LameAss Dads offered a solid performance, but the most notable aspect of their set was how many of their friends and family members showed up. It was especially sweet to see the band members’ children singing and dancing in the crowd with their protective noise-reducing headphones on. LameAss Dads has definitely landed #ontheradar, and we will, without a doubt, be following their evolution as a band. I think their presence at the festival made the event far more inclusive for all age groups. I hope to see them at other similar events because no other band fits this format better.
If you are looking for a Coachella-style experience on a shoestring budget, then you need not look any further than HugeEuge. The comedic rapper started his set by cracking open a cold one and tossing out frisbees to the crowd from the top of a shipping container that enclosed one side of the stage. The “Bad Rapper” singer also gets points for his daring fashion risks, such as performing his entire set in nothing but an iridescent royal blue speedo.
HugeEuge’s set was quite possibly the most important of the day. By the time he took the stage, the midday sun was absolutely assaulting the audience with its rays, and everyone was beginning to grow tired of the heat. Luckily, HugeEuge’s waggish charm seemed to be solar-powered, and the artist was able to reenergize the entire crowd with his over-the-top silly songs. With choruses easy enough to sing along to and verses incorporating witty sidesplitting shenanigans that corresponded to the lyrics, the HugeEuge set was instrumental in helping the audience catch their second wind. While not the most traditional pick for a punk rock festival, HugeEuge is the first artist to be designated as a guaranteed #crowdpleaser by Bands in the Bus. If this artist is playing a show, I want to be there. And, if for some reason I can’t be there, I will be suffering from a major case of FOMO.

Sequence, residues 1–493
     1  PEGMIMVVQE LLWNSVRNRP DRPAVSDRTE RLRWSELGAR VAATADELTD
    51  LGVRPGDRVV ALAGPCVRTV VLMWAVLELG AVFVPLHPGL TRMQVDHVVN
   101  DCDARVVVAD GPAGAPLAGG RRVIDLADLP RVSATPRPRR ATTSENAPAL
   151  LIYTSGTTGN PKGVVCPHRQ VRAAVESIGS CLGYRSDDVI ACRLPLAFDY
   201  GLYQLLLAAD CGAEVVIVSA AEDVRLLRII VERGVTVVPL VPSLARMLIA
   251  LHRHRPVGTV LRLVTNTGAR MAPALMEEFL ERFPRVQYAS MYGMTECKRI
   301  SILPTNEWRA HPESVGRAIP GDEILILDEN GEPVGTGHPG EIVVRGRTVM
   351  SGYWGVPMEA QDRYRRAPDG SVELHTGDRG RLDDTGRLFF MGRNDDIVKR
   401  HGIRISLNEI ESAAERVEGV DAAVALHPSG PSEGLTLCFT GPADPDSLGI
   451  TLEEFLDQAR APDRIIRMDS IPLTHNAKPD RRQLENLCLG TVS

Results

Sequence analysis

Next up came Cotter, who I convinced my own mother to stay for because I knew she would enjoy this particular band. If you are 30-35 years old, Cotter is sure to deliver a dramatic dose of adolescent nostalgia, which is the primary reason why I haven’t written about them yet. Simply put, the feeling of youthful nostalgia can be uncomfortable on my best days and triggering to me on my worst. My adolescence can only be described as traumatic…but that being said…I don’t think I could have survived my adolescence without emo music.
Cotter is the band that my 14-year-old self so desperately needed. Had they been around then, they would have been one of the biggest acts within the emo scene at the time. Fast-forward back to the present day; emo music is no longer my cup of tea. So I will need to study Cotter within the scene and learn their story before I can write a more in-depth review. However, suppose you are more on the emo side of the pop-punk/emo fence. In that case, I don’t think you will find a more satisfying cup of tea than Cotter, especially within the Ohio music scene.
Prime Directive followed Cotter with a phenomenal performance despite being on stage at the worst possible time. Luckily, the band brought their own branded booty shorts to help them beat the heat of the sweltering summer sun coming in directly at their back. This particular performance was perhaps their best to date, and I am willing to wager it’s because of the time slot. I am used to seeing this band headline and with at least one member (it has been different each time) being three sheets to the wind while still somehow being able to hold their own on stage. But Prime Directive, when they are playing tight, clean, and mostly sober, is an entirely different animal.